A US veteran official recounted Abrams’ culpable methods and told me, “During President Bush’s first visit to the Middle East last January and during the preparations for it, Abrams suggested to Bush that Egyptian President Hosni Mubarak be invited to Riyadh to meet him there. This suggestion caused a storm within the administration. A number of former officials intervened and informed the president that such behavior would be considered an insult. US Secretary of State Condoleezza Rice also played a part in persuading Bush to travel to Egypt with the help of some former officials from his father’s administration.”
According to my source, Abrams wanted to cause problems “because if this had happened, Egypt would have reacted strongly and this could have led to problems between it and America.”
However, what would prompt him to act in such a way? The American official said, “Abrams does not want there to be strong ties between Egypt and America or America and Saudi Arabia so that the two Arab states would not be able to affect Israeli policy in the Palestinian Territories.”
In the interests of America, Rice has made the most of good ties with Egypt and Saudi Arabia and she fought hard to persuade the president to intervene in the Palestinian-Israeli conflict. Rice sought the help of some influential American activists to persuade the president to play a more active role. But at present, Israeli Prime Minister Ehud Olmert is politically paralyzed and the Palestinians have postponed heeding to Egypt’s call to launch a dialogue between the Palestinian Authority in the West Bank and Hamas in Gaza.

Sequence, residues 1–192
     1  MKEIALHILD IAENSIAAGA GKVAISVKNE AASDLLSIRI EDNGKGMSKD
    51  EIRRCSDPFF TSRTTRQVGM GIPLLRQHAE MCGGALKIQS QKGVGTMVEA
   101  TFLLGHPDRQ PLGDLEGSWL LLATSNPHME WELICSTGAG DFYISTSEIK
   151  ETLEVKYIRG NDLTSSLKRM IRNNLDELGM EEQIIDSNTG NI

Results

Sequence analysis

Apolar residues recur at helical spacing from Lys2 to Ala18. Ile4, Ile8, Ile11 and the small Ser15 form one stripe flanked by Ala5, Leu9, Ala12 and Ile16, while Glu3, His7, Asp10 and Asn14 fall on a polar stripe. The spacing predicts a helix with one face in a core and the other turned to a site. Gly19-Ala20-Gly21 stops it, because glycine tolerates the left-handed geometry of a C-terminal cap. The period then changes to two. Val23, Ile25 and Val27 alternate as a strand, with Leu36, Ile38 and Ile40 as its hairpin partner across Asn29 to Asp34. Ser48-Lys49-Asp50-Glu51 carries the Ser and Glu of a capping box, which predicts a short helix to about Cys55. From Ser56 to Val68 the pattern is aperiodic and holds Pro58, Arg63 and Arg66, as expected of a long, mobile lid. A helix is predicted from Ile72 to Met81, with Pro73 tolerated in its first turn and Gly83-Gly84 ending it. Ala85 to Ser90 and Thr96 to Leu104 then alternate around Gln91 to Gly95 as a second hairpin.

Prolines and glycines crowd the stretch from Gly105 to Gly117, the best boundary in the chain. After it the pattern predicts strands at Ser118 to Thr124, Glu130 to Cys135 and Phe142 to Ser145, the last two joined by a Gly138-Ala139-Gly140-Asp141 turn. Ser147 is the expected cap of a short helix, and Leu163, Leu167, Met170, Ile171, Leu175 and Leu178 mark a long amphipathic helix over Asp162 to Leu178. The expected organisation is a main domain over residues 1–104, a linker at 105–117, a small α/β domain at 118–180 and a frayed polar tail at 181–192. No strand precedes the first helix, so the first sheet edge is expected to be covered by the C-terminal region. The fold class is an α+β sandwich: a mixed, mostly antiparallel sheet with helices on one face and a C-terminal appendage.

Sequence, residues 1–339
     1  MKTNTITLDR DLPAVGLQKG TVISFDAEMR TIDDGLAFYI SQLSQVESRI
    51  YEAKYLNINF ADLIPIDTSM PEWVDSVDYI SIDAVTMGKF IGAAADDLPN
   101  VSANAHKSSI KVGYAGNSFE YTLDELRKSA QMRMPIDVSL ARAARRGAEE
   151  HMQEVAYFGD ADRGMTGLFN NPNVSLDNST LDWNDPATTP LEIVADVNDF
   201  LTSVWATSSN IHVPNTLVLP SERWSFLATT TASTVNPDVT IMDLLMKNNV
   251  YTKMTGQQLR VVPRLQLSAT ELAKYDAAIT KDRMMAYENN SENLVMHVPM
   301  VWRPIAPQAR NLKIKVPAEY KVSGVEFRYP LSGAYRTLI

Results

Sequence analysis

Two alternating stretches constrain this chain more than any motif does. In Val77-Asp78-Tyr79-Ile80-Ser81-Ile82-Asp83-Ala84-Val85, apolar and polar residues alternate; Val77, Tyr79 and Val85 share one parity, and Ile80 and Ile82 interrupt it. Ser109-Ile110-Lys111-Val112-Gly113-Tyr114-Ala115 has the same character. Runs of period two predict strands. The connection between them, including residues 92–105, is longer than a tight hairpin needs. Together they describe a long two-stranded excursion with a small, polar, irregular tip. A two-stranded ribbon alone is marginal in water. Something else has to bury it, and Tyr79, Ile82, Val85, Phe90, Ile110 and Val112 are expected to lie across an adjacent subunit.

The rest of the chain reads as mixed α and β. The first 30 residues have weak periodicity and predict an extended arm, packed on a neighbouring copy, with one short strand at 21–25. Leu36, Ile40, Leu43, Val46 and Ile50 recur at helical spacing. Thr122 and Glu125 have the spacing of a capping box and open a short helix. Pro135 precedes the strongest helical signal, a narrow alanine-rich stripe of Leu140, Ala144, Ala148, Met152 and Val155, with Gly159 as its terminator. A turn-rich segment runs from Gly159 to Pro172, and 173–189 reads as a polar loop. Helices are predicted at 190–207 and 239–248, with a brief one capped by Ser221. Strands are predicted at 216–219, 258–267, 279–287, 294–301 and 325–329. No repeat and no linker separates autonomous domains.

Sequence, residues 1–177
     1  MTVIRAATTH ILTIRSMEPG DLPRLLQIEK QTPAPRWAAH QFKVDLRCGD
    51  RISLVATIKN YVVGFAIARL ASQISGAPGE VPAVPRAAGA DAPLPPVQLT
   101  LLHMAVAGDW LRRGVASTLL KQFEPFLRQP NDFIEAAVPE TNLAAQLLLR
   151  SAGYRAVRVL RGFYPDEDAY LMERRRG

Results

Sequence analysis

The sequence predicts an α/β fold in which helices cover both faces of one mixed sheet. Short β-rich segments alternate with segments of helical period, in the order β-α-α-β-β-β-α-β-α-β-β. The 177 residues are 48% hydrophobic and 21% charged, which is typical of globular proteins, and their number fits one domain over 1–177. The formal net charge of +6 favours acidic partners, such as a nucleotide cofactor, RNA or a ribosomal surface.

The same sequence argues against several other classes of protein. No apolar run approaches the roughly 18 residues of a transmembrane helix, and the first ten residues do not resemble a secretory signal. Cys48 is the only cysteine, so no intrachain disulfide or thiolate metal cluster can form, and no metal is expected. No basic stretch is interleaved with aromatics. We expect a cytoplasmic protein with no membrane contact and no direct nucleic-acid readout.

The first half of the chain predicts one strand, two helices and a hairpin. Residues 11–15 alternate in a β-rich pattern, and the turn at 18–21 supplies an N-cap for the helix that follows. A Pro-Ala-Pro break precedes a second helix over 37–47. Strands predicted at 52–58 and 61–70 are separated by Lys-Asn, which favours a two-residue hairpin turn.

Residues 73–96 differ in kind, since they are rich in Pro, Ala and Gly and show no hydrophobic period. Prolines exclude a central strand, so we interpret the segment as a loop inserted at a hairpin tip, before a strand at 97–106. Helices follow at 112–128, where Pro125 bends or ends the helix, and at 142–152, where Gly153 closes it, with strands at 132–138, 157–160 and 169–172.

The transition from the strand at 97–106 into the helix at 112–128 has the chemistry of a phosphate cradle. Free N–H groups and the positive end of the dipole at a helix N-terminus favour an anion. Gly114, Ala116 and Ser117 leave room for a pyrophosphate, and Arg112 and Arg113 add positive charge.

Rice did not evade an attack launched against her by neoconservatives. At the last AIPAC (American-Israel Public Affairs Committee) conference, former US Deputy Assistant Secretary of State for Near Eastern Affairs Elizabeth Cheney launched a vehement attack on Rice and her efforts to achieve a framework for peace between the Palestinians and Israel before Bush leaves office. She considered the Annapolis conference a waste of time where as it is “important to focus on Iran.” She said: “When we focus on [Israeli-Palestinian peace talks] we don’t have time to focus on Iran.” Cheney added, “If the Iranians do not heed UN Security Council demands to halt uranium enrichment, they will face military action.”
This attack was embarrassing for Condoleezza Rice so she was forced to defend herself in a speech she delivered at the AIPAC conference. She also expressed her doubts about the possibility of drafting a framework for a peace agreement between the Palestinians and Israelis before the end of Bush’s presidency.